La Closerie is in the same league as historic cafés like Les Deux Magots and La Palette. And while some might say this Montparnasse standby is past its prime, many insist it’s still very much happening—after all, Hemingway (there’s a handy sign indicating his preferred spot at the bar), Picasso, and Beckett used to hang out here all the time. We recommend springing for a full dinner in the formal main hall. That said, the brasserie-slash-piano-bar is great for a drink, and to get a feel of the place without spending a fortune.


22 Rue des Ecouffes, 4th | +

This tiny, super-casual Tel Aviv transplant, located in the center of the Marais (known for its large concentration of falafel shops), doesn’t offer much in terms of seating—other than a small communal table and a few counter seats—but what it lacks in accommodations, it more than makes up for in really good food. (You will most likely want to take your meal to go, anyway.) The menu offers loads of veggie options and is a cross between Israeli street eats and French cuisine: think beef bourguignon pita with a side of whole-roasted cauliflower, washed down with beer or a glass of Israeli wine. For dessert, try the tarte tat, also served in pita form.


51 Rue de Verneuil, 7th | +

Unpretentious and laid-back, this is the sort of restaurant that’s the perfect reprieve after a few days of big, loud brasseries. The food is simple but well-prepared, and nicely affordable, too.

Le Comptoir de la Gastronomie

34 Rue Montmartre, 1st | +

This quaint little restaurant serves excellent French—cassoulets, steak tartares, and chocolate cakes—in an un-stuffy art nouveau dining room. The adjoining shop, complete with ham hocks hanging from the rafters, has a killer selection of French wines, cheeses, and other specialty items.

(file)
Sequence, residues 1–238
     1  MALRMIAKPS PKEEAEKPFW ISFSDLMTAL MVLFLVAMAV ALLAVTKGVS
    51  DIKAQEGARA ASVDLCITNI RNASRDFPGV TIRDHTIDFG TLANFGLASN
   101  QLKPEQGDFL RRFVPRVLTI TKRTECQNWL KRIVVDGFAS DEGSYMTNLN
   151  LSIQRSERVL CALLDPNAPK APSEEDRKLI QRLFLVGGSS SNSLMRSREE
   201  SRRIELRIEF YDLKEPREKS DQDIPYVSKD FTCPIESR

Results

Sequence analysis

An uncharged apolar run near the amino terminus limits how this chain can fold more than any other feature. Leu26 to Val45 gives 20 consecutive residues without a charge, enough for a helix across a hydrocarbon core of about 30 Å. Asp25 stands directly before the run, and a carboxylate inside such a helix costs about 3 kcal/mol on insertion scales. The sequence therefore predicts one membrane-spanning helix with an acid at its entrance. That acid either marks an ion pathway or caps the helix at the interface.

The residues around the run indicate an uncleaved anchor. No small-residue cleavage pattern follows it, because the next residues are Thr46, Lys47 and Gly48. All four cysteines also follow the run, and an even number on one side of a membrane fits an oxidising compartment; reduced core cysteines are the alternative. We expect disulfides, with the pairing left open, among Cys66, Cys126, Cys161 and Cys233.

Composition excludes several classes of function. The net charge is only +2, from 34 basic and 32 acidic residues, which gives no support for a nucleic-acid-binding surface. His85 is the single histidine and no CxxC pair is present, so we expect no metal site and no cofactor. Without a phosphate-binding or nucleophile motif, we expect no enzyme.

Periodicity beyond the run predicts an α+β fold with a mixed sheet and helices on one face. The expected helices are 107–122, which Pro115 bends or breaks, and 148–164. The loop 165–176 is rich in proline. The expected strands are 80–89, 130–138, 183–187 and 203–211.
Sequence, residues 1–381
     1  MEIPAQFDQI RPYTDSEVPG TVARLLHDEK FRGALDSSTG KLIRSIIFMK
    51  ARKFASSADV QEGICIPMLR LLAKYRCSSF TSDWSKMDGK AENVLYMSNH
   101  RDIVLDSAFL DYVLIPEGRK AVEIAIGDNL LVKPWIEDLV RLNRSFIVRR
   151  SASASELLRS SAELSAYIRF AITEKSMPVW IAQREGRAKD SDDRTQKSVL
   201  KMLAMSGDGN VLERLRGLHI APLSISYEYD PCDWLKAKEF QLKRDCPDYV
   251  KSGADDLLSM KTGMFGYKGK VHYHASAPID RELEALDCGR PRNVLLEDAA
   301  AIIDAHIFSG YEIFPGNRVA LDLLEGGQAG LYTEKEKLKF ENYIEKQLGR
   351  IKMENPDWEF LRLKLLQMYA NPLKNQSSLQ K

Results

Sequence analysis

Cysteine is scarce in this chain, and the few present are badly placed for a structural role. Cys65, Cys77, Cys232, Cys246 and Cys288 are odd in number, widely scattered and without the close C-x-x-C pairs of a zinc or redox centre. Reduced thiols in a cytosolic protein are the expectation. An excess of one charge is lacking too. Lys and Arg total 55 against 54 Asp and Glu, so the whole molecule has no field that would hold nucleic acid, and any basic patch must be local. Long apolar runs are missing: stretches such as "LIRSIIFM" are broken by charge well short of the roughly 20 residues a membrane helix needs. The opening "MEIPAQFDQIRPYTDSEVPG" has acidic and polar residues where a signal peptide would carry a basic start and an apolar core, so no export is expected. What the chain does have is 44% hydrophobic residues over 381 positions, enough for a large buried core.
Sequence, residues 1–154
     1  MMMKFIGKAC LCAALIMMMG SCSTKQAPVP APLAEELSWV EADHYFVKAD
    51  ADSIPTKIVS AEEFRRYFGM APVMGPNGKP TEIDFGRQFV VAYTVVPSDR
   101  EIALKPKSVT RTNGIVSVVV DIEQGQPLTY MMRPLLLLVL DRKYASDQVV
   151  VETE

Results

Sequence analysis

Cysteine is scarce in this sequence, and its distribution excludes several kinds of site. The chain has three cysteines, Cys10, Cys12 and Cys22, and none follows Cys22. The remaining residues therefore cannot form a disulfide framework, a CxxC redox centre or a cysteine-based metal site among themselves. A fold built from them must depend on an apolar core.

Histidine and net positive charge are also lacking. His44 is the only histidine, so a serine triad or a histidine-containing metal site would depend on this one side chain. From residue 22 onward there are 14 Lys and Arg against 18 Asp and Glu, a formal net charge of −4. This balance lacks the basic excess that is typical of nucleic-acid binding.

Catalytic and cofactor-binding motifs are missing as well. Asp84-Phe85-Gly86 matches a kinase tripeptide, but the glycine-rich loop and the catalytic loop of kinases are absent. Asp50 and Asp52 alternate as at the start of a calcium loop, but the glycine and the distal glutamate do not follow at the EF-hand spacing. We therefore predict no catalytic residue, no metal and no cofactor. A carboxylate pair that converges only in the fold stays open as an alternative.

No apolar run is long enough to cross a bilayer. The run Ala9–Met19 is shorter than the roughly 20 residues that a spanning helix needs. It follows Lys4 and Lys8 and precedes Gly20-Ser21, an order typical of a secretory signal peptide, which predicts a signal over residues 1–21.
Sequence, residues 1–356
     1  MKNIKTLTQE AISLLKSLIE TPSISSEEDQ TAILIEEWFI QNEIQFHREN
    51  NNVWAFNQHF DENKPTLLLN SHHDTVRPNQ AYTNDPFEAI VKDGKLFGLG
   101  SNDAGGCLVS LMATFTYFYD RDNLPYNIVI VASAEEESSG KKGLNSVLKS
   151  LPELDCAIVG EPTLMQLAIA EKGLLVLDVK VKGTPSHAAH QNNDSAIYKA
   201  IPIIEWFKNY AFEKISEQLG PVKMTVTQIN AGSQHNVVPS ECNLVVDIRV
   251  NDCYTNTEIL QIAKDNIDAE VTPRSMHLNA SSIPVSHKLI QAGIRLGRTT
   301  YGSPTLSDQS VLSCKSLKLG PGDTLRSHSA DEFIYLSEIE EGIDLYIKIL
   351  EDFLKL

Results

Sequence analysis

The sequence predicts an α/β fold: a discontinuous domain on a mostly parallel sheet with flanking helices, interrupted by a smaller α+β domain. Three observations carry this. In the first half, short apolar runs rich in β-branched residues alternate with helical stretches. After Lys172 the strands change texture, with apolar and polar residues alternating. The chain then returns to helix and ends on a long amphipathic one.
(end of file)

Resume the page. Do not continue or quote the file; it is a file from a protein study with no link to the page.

La Palette

43 Rue de Seine, 6th | +

This café looks straight out of central casting: The large main room, complete with mirrored walls and dotted with paintings, is almost always packed. Despite the area's popularity with tourists, La Palette still feels undiscovered, as it’s predominantly peopled by locals.

Le Dauphin

131 Avenue Parmentier, 11th | +

Immediately next door to its sister restaurant, Le Chateaubriand, locals hover around the marbled bar (there are only a handful of tables) for well-priced—though complex—small plates, and surprisingly affordable wine. That said, we recommend the cocktails, which are every bit as good as the food.


28 Rue Henry Monnier, 9th | +

It takes nerve (and talent) for an American to take a French concept and recreate it for a famously hard-to-please Parisian audience. In chef Jody William’s case, her French-inspired wine bar, Buvette, has been adopted with open arms. She tested the concept in New York first—there is a much-loved West Village outpost—and exported her “gastrotheque” back to Paris in 2013, to rave reception. In this romantic, perfectly Parisian little wine bar, you can expect a wonderful cocktail and wine list, and a petite menu of small versions of dishes like Coq Au Vin and Moules and Tartines. They also serve several local, seasonal salads—good ones are still a hard to find in many traditional French restos.